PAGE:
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soliloquies

so・lil・o・quy/- n. [C,U] a speech in a play in which a character talks to himself or herself, so that the audience know the character's thoughts.

Friday, June 02, 2006

farewell?

I had an awkward day today...in a great way. Things were completely normal until 16:15 with usual classes, usual faces, usual lunch, usual scenery and so on. With an exception of temperature, it was a typical Thursday in sunny June for me. As I have written before, I was really sick of my repetitive life and I was looking for something interesting to do.

Like always, I made a promise with my friend in Linguistic Science class today to go home together. After class, I was waiting at the Yukichi Statue in the front of library and there came my friend with his friend, who also happens to be my friend. She was busily trying to persuade my friend Y to join her in this Farewell Party that was taking place in Shibuya today. Apparently, there were these people from the States who were touring around Japan and were going to leave tomorrow.

Of course, I had no idea whatsoever on who these people were or what they were discussing about. But the longer I listened to her "advertisement", the more interested I had become. So, for some reason, I joined her in this party in which I was a complete stranger to while my friend Y chicked out and went home. What's more, it was my second time seeing her.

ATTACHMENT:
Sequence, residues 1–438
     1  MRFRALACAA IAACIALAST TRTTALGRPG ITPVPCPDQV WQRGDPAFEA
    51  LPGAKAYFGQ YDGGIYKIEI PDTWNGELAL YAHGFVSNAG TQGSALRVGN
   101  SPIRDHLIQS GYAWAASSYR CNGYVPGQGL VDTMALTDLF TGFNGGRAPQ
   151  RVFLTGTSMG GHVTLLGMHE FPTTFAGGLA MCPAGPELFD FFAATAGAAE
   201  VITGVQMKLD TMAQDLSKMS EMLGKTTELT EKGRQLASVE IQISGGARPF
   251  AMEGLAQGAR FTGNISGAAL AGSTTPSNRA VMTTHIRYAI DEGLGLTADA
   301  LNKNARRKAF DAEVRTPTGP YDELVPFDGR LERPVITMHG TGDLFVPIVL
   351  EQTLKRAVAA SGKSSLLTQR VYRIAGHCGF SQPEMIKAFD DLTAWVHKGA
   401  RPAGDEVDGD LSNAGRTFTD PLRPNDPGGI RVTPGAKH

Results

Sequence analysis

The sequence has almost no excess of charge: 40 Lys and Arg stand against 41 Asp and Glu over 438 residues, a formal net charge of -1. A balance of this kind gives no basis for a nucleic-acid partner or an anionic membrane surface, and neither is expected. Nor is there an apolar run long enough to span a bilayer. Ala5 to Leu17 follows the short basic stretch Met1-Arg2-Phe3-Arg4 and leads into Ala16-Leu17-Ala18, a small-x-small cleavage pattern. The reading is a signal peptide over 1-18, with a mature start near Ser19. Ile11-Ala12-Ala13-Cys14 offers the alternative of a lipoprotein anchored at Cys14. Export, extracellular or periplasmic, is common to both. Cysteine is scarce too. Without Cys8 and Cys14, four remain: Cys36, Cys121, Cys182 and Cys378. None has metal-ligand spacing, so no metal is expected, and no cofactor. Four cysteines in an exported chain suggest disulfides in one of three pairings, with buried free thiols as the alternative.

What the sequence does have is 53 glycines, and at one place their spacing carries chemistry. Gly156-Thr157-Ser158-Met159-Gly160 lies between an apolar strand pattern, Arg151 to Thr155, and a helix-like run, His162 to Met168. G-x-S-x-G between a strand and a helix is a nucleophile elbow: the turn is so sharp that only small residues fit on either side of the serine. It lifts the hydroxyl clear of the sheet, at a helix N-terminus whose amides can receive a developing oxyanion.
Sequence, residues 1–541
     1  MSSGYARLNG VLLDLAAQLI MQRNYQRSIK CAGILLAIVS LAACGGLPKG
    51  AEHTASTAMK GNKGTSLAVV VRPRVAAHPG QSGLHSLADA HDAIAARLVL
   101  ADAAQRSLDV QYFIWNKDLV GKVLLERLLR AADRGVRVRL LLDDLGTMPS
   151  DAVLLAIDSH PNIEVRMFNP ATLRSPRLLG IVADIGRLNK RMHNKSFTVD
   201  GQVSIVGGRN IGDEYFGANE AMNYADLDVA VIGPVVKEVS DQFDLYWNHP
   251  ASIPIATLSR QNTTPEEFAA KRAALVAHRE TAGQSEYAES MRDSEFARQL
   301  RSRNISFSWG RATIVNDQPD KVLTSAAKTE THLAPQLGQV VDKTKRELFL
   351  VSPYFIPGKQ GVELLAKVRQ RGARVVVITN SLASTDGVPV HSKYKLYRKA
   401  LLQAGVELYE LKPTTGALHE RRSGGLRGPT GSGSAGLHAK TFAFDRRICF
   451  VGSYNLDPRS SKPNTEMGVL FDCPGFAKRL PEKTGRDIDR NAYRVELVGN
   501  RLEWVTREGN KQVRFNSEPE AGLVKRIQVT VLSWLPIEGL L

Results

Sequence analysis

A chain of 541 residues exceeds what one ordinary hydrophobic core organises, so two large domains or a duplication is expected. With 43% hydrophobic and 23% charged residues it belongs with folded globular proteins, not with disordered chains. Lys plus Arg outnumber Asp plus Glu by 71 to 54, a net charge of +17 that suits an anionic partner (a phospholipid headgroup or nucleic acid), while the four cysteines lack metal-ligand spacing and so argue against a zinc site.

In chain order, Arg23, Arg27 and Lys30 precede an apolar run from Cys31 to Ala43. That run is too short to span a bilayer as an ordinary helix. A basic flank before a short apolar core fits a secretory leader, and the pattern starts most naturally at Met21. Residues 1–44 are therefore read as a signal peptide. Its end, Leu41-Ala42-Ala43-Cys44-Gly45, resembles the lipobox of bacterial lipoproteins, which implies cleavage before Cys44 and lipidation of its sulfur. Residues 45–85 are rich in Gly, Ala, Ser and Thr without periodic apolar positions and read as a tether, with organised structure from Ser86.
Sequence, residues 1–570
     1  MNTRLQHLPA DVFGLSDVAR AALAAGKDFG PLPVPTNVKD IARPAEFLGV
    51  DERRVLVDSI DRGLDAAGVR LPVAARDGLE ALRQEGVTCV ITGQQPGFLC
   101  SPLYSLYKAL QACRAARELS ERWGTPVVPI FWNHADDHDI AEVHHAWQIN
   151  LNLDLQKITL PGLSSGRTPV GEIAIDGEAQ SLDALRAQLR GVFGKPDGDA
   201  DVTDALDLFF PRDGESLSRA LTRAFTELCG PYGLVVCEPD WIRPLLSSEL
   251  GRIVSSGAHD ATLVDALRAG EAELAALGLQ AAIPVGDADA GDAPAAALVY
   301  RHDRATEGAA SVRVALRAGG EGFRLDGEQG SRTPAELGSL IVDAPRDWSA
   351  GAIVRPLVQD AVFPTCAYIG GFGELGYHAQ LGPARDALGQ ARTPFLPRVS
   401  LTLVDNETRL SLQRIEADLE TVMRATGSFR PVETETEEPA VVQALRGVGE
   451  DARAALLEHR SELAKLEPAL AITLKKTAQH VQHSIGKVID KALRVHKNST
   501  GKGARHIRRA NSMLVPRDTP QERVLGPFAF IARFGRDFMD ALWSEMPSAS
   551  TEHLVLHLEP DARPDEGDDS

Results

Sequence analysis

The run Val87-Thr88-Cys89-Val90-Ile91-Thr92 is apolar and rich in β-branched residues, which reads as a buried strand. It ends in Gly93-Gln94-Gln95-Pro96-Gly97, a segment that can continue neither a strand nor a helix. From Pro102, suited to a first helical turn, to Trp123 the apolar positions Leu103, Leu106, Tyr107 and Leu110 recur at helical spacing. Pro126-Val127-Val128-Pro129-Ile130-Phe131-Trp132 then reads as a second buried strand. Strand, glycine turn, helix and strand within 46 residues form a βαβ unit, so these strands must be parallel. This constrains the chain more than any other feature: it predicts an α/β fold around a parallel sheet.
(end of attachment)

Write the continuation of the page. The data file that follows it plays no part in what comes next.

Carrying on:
I must confess that my decision was right today. I had a wonderful time together with these unknown Americans in the Outback Grill in Shibuya, talking about various topics. For some reason, I ended up in a mature table and I spent most of time explaining Japanese history to Sky. As I have mentioned a couple of times before, I believe explanation is the toughest aspect of English since you have a higher necessity to use longer, more complicated vocabularies.

After enjoying the party, we moved on to a local karaoke bar. This too was a bit awkward, but it provided a favorable environment for intercultural communication. We sang many songs that were famous in both Japan and the United States and all of us enjoyed that short hour there.

Troubles happened after we said goodbye to each other, but this sudden, unexpected interaction with these nice, American southerners reemphasized the importantness of English. My motivation was lowering a bit since I recharged it in New Jersey in February. I really appreciate my friend for providing me with a great opportunity. I can't thank you enough...

Last but not least. This graduate student from Indonesia I met today on the train there was quite a character. I was also fascinated by his knowledge and intelligence. He was a pleasure to talk to...I wish I can see him again.

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